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GSS Student Lives a Life of Service - in the Classroom and Out









 

GSS Student Lives a Life of Service—
in the Classroom and Out

Yoanny Lora traveled this past spring to the Dominican Republic, where she conducted research on undocumented immigrants’ access to health care.
Photo by Gina Vergel

By Gina Vergel

A look at Yoanny Lora’s schedule might make you dizzy.

The 25-year-old, who will earn a master’s in social work on May 21 from Fordham’s Graduate School of Social Service (GSS), spends Mondays and Wednesdays as a therapist at a New York City mental health clinic.

On Tuesdays, she has classes from 8 a.m. to 9 p.m., and on Thursdays, she interns for the International Federation of Social Workers at the United Nations.

On Fridays, she fulfills her duties as a graduate assistant for Elaine Congress, D.S.W., professor and associate dean for continuing education at Fordham. If that isn’t enough, she works part time on weekends at a family service agency in Lower Manhattan.

“I love it,” said the energetic Lora. “The thing with me is, I see myself doing so many different things.”

That includes helping to edit the International/Global Service newsletter for GSS and serving as event coordinator for the Global Social Work Student Association.

Lora, a GSS standout with an infectious smile, has a bachelor’s degree in history and once dreamed of becoming a history teacher. That changed after she spent a year as a substitute teacher, where she noticed the non-teaching staff members making quite an impact on students.

“I realized the roles of the social worker and the psychiatrist, and I became attracted to the counseling field,” she said. “I knew that with an MSW, I would have more career options. I came to Fordham because of its global service specialization.”

The daughter of Dominican parents, Lora enjoys working with immigrants and refugees. This past spring, she traveled to the Dominican Republic for a 10-day study tour with her “International Social Development” class.

“We lived among the people, which is the best for interviewing research subjects,” said Lora, who spoke at the New York Academy of Medicine’s student night in mid-April. She explained her research in “Undocumented Immigrants’ Access to Health Care in the Dominican Republic and the United States.”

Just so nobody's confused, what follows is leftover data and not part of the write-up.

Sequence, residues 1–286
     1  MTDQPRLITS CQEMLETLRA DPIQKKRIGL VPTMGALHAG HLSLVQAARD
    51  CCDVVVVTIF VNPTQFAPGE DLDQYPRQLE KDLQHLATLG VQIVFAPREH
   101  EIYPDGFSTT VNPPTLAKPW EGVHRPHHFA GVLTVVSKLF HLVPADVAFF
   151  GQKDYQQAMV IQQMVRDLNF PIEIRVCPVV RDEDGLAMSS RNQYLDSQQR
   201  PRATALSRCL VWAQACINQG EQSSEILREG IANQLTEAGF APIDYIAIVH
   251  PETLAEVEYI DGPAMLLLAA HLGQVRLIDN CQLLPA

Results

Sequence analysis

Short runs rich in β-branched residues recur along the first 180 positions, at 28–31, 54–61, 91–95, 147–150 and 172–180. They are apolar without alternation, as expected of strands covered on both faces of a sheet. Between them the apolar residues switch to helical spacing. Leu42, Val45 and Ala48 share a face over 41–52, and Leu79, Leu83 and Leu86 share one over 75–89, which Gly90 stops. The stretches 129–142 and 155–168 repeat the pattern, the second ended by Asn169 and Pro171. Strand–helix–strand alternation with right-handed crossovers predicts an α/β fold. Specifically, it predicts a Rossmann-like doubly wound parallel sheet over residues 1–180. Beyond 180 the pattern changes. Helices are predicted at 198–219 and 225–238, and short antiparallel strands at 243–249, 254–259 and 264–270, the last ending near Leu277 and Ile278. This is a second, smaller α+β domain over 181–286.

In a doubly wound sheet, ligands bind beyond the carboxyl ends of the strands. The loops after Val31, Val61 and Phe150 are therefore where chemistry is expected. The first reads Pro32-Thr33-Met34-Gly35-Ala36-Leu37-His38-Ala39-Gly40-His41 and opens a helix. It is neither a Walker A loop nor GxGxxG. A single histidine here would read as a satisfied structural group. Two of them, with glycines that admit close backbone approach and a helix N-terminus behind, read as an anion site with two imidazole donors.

As part of her field work requirement, she works at the William Ryan Mental Health Clinic. There, she conducts psychotherapy, talk therapy and group therapy, as well as phone screenings and crisis intervention.

“They literally have me doing everything,” she said. “I work with patients from ages 9 to 79, so I’m given a wide range of experience.”

At her part-time job at Comprehensive Family Services, an agency that works within the family court system, Lora conducts supervised visits, transfers and exchanges in divorce cases with custody battles. “ I didn’t think I’d enjoy working with the law so much, but I love it,” she said.

From her wide range of experience and host of interests, Lora is choosing to pursue teaching social work at the university level. She would love to teach at Fordham, and will begin doctoral classes this fall.

“I’m really comfortable in the school setting, and what I really like about Fordham is that it’s mostly about service work and human rights,” Lora said. “That’s why it’s the School of Social Service and not School of Social Work. The service sticks out, and I want to be a part of that.”


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